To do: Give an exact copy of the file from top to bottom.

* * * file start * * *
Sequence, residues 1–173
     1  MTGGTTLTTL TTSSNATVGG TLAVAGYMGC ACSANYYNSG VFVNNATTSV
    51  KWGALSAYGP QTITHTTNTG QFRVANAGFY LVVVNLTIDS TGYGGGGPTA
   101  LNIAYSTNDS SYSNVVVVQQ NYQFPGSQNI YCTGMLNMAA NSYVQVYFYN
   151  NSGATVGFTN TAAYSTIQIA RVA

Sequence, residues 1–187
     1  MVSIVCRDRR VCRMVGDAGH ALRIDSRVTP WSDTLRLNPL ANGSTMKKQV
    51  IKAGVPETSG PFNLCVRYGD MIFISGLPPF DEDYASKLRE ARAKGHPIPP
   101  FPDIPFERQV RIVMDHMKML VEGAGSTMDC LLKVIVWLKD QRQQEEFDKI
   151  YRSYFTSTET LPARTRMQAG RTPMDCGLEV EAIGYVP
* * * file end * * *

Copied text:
Sequence, residues 1–173
     1  MTGGTTLTTL TTSSNATVGG TLAVAGYMGC ACSANYYNSG VFVNNATTSV
    51  KWGALSAYGP QTITHTTNTG QFRVANAGFY LVVVNLTIDS TGYGGGGPTA
   101  LNIAYSTNDS SYSNVVVVQQ NYQFPGSQNI YCTGMLNMAA NSYVQVYFYN
   151  NSGATVGFTN TAAYSTIQIA RVA

Sequence, residues 1–187
     1  MVSIVCRDRR VCRMVGDAGH ALRIDSRVTP WSDTLRLNPL ANGSTMKKQV
    51  IKAGVPETSG PFNLCVRYGD MIFISGLPPF DEDYASKLRE ARAKGHPIPP
   101  FPDIPFERQV RIVMDHMKML VEGAGSTMDC LLKVIVWLKD QRQQEEFDKI
   151  YRSYFTSTET LPARTRMQAG RTPMDCGLEV EAIGYVP